Knowing the Different Types of Chemical Disinfectants

Published: 21st September 2009
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The use of chemicals has long been considered advantageous to some extent since the early 1800s. As years pass by, the importance of chemicals gradually increases as the need for more reliable substances in removing dirt and disinfecting utensils are on the loose.

Today, chemical disinfectants are considered a part of the medical world. Without them, cleanliness and hygiene will be impossible to implement.

Disinfectants are classified as alcohols, aldehydes and acids, quaternary ammonium compounds, halogen compounds, phenols and cresols, ointments, oxidizing agents, and furan derivatives.

1. Alcohols

Ethyl alcohol is one of the most useful disinfectants. It has a high degree of antiseptic power and has the advantage of being a fat solvent, dissolving out the fat on the surface and in the follicles of the skin, thus, permitting the antiseptic to act on the more deeply situated organisms. In 70% solution by weight, that is 81.5% by volume, it is used frequently in disinfection of the patient's skin and as an evaporating lotion. Because it is a fat solvent, it is used frequently in disinfection of the patient's skin and as an evaporating lotion. Because it is a fat solvent, it is used frequently in combination with other antiseptics.

Alcohol has its disadvantages as well. This particular chemical causes considerable pain when applied to raw tissues and produces irritation of mucous surfaces; therefore, it should not be used in fresh, open wounds, for the eyes, the urethra, and many others.

As a disinfectant for instruments, it must be remembered that they must be cleansed thoroughly because of the protein-coagulating action of alcohol. Greater effectiveness is brought about when alcohol is combined with other disinfectants.

Isopropyl alcohol is displacing ethyl alcohol in many instances, since it exhibits slightly greater germicidal action, has a lower surface tension, is a better fat solvent and is less expensive. The dilution need not be as stable as ethyl alcohol.

2. Aldehydes and acids

Formaldehyde is a gas with high disinfecting properties. A 40% solution of the gas in water is known as formalin. Since it is too irritating for living tissue, it is mainly used as a preservative of specimens.

A solution of 20% formalin and 70% isopropyl alcohol solution are effective chemical disinfectant and sporicide for clean instruments that cannot be exposed to steam under pressure sterilization, and are of a material or property that will not be destroyed by the solution.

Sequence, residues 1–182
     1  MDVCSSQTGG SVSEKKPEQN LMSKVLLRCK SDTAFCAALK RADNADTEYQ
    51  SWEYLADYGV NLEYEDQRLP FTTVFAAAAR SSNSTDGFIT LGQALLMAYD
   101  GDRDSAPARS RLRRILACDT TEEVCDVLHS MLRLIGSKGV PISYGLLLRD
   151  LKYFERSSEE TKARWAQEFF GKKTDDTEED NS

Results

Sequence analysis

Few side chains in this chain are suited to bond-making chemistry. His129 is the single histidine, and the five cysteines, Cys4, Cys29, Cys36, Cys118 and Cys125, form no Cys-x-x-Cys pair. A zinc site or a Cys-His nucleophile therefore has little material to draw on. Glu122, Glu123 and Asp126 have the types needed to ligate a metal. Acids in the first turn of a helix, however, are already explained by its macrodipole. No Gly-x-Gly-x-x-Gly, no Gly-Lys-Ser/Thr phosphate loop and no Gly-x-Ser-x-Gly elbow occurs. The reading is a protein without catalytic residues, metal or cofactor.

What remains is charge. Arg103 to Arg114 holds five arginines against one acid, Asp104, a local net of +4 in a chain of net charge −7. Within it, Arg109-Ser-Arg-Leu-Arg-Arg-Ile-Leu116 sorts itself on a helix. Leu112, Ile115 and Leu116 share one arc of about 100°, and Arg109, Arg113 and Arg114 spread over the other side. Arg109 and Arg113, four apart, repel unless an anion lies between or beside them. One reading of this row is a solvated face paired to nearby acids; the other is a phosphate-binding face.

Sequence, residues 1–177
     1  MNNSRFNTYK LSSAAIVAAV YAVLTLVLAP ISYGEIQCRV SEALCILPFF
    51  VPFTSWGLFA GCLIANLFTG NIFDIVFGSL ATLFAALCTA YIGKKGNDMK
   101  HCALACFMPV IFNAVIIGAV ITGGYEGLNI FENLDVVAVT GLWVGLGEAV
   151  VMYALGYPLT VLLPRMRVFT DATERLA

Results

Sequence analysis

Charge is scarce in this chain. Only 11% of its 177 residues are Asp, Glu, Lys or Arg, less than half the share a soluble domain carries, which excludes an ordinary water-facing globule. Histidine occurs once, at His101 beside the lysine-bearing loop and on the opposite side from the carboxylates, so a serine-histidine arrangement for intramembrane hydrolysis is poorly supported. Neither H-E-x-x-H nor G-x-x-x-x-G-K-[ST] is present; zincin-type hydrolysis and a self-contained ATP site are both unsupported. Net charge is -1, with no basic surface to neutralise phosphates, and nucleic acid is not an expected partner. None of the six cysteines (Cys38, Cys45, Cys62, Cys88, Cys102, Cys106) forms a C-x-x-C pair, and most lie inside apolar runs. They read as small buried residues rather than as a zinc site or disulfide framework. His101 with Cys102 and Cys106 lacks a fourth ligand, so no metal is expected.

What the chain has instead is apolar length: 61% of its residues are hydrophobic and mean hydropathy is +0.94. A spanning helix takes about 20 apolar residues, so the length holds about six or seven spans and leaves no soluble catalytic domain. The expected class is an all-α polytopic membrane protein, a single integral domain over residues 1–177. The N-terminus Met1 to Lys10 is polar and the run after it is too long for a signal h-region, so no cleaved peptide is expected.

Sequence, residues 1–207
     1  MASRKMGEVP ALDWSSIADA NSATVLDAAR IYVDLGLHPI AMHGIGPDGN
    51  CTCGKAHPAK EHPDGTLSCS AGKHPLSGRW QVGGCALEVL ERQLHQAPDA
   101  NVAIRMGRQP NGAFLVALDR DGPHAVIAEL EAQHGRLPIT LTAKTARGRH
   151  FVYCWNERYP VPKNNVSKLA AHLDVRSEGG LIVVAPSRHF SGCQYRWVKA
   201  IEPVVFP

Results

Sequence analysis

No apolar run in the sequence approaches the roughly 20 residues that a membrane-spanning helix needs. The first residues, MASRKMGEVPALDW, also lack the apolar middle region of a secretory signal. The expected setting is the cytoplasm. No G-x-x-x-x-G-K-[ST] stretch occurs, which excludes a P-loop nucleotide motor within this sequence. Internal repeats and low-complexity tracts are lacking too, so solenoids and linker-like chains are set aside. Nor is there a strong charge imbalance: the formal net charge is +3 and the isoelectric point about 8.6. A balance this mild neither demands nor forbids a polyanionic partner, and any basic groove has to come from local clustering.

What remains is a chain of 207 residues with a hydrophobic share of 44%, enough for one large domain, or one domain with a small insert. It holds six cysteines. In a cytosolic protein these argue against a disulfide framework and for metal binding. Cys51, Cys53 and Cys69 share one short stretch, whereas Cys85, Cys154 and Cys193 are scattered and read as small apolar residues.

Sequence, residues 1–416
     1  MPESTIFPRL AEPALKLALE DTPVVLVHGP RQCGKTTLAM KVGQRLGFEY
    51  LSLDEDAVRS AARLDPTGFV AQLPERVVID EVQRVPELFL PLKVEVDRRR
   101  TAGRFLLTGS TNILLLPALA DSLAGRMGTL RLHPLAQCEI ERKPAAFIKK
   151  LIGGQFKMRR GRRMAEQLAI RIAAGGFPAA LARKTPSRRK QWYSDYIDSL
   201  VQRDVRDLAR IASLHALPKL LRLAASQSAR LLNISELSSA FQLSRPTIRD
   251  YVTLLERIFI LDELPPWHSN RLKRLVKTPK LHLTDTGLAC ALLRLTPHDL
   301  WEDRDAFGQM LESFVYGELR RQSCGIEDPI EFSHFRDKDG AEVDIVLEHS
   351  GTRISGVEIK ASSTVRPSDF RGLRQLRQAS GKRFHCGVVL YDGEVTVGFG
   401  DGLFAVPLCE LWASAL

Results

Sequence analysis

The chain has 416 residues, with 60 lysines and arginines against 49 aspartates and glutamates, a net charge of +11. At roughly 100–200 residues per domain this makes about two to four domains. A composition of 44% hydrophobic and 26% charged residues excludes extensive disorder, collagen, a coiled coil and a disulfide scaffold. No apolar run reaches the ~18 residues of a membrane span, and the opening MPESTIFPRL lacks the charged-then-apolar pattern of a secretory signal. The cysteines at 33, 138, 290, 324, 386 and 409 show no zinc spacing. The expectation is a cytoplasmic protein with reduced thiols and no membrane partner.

3. Quaternary Ammonium Compounds

Chemicals like zephiran, ceepryn, and phemerol are stable and non-irritating. Their chief property is that of lowering the surface tension of solutions.

These compounds are incompatible with soap and they are not effective against tubercle bacillus and spores. In addition, certain gram-negative bacilli are not inhibited by the quaternary ammoniums and may even proliferate luxuriantly in such solutions.

4. Oxidizing agents

The antiseptic properties of this group are due to their property of liberating oxygen that has a mild germicidal action.

Among the different oxidizing agents, hydrogen peroxide is the most common. This is a clear, watery solution that decomposes readily in the light or on heating. When applied to wound tissues, there are immediate bubbles or fizzes that mark the liberation of gaseous oxygen.

Its primary value lies probably in the mechanical effect of its bubbles, in loosening necrotic tissues and dressings and in breaking up thick adherent masses of pus that float to the surface in a sort of foam. Because of this property and its ability to give off oxygen, it is of special value in the treatment of anaerobic infections, such as those caused by the gas bacillus.

Hydrogen peroxide decomposes rapidly unless protected from light, heat, and air.

Indeed, knowing the different classifications of disinfectants makes it easier for you to know where and when to apply them. Not all disinfectants can be used in one way or another.

Jo is an author and publisher for 'ReAgent Chemical Services Ltd' (, a well-known UK based chemical producer that makes, carries and supplies a wide selection of premium chemical. If your corporation is seeking high quality chemical product for instance brick acid or has other industrial compound requirements for uses similar to chemical mixture, analytical purposes and cleaning then check out ReAgent Chemical Services Ltd.

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